The third fundamental is a little more intricate, a little more complex, and certainly more of a mouthful: the centerline of weight distribution with respect to positivity. Within the dynamics of climbing lies a fascinating relationship between positivity and gravity. In many respects, positivity is a vaguely quantifiable concept describing the ease with which you can hold on, or in other words, defy gravity. Yet, on a deeper level, it is not simply the constant struggle against gravity, but a delicate and sensitive dance with gravity. Climbing is comprised of measured instances of direct antagonism coupled with moments of embracing and redirecting the Earth’s inexorable downward pull for the maximum benefit.

Certain positions on certain holds have very clearly defined directions of positivity. Placing your body in such a way that takes the greatest advantage of this directional positivity is an easy concept to comprehend, however, acting on this simple directive can be counterintuitive and can require a high level of mental and physical control. For some holds, the positivity is maximized by simply hanging straight below them and letting gravity magnify your contact strength. Other holds, like sidepulls and gastons, require obvious direct oppositional force to obtain the greatest purchase, usually hips turned into the wall while flagging a leg. The positivity is magnified when you align the centerline of your weight with the direction of the oppositional force. This position concentrates your muscle tension in the most advantageous direction and redirects gravity to enhance the positivity.

Slopers are a much more delicate beast. Since they afford no edge for gripping, the importance of body position is amplified. Contact friction, the means by which you stay on a sloper, is comprised of two integral factors: the surface area of contact and the directional pull. When you address a sloper, you want your weight to be situated directly below the hold so that your centerline of weight distribution aligns as closely as possible to the natural gravitational pull. In this position, you are actually using gravity to increase your contact friction. In some instances, this even allows your wrists to touch the hold thereby increasing the surface area of contact. The more you pull up and engage muscle tension in your arms, shoulders, and core, the more the positivity decreases. Relaxing and hanging down off of straight arms can feel like the last thing you should do, but this position actually lets gravity work in your favor.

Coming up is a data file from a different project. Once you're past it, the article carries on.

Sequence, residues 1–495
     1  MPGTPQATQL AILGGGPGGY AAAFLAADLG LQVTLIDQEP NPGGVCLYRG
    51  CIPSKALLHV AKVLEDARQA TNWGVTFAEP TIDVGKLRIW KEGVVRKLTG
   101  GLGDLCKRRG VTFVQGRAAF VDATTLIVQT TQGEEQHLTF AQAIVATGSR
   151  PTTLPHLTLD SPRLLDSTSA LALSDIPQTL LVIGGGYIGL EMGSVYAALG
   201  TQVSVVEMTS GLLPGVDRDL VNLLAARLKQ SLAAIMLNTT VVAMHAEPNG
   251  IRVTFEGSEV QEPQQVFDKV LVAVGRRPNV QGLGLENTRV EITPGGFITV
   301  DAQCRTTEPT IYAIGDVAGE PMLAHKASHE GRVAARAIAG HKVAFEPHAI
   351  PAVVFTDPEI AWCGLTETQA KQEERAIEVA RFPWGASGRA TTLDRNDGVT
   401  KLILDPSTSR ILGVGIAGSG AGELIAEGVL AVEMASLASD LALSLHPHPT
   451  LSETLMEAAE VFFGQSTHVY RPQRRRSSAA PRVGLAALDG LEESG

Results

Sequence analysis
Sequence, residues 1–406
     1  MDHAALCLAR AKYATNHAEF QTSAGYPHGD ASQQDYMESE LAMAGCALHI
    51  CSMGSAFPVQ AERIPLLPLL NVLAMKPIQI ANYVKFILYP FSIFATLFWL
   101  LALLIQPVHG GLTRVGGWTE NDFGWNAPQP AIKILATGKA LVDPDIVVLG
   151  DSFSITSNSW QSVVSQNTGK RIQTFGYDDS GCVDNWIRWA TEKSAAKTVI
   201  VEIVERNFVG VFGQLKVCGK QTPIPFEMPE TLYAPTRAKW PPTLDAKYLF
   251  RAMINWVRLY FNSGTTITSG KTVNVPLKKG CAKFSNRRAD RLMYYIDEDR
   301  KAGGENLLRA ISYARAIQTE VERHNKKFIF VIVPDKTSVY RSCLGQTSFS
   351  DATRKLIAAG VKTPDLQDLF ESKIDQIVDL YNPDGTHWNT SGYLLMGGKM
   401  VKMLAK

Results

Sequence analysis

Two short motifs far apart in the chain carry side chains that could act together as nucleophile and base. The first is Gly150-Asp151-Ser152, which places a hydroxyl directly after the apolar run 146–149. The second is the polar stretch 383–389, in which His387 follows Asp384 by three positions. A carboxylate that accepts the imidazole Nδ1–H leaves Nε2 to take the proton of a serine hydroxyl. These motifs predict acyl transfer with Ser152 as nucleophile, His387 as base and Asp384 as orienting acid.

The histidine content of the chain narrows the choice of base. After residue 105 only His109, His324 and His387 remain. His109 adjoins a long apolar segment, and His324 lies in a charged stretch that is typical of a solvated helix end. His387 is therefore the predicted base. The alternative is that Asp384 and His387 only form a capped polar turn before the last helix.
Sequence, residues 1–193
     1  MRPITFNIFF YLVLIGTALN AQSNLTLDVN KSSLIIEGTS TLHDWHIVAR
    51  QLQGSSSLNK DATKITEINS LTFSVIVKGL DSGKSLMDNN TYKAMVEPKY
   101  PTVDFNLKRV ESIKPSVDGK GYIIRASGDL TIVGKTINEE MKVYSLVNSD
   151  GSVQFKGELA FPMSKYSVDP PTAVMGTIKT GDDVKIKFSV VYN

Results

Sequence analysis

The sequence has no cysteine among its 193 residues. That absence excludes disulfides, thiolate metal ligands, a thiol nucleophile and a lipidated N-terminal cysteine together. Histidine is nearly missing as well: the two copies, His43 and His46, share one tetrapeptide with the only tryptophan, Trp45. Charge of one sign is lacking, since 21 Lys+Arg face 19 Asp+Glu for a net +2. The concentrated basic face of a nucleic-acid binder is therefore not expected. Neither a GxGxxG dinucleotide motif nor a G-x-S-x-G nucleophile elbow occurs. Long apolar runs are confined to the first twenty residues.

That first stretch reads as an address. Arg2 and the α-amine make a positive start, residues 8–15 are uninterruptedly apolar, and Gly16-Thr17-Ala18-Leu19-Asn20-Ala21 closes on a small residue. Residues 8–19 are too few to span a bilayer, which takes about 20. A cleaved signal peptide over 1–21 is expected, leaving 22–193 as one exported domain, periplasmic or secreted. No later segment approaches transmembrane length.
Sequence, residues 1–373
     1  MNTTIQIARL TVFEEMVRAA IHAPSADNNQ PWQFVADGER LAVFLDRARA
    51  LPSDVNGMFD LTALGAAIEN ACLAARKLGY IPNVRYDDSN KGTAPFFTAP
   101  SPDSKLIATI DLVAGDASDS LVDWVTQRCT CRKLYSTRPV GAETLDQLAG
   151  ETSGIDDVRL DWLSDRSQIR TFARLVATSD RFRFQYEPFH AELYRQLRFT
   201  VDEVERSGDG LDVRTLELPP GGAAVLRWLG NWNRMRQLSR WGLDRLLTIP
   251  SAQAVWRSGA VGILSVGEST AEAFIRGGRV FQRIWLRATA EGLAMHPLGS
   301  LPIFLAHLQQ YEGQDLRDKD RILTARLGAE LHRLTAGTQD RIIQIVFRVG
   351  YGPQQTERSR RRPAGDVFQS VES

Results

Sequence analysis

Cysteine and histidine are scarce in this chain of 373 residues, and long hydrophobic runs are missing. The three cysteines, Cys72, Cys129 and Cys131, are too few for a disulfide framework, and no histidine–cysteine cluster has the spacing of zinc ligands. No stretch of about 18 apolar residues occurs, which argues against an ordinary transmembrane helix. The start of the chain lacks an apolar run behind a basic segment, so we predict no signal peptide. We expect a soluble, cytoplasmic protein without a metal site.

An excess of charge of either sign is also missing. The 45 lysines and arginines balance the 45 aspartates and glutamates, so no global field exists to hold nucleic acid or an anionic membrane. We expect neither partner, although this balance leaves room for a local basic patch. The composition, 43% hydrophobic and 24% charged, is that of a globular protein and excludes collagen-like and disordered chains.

The ideal body position for slopers is also the ideal body position for matching your hands on a hold. (VIDEO) Sagging down on straight arms directly below the hold increases the positivity and lessens the negative effects of gravity, which facilitates the transference of your weight from one hand to another. Increasing the positivity means that you need less surface area of contact friction to hold on so that during this delicate transference it is not necessary to maintain constant contact with all of your strongest fingers. You can switch out the stronger fingers and still remain on the hold. If the hold’s directional positivity is not straight down, as on a sidepull, the arms are still straight and the centerline of your weight is still in line with the direction of positivity.

In summary, the fundamentals of good body positioning are arm position, hip position, and weight distribution, and efficient climbing entails using the hands mainly for balance, allowing the stronger legs to propel you up the wall. So, how exactly do you combine good body positioning with movement in such a way as to encourage the legs to do most of the work? (Link to Movement Principles)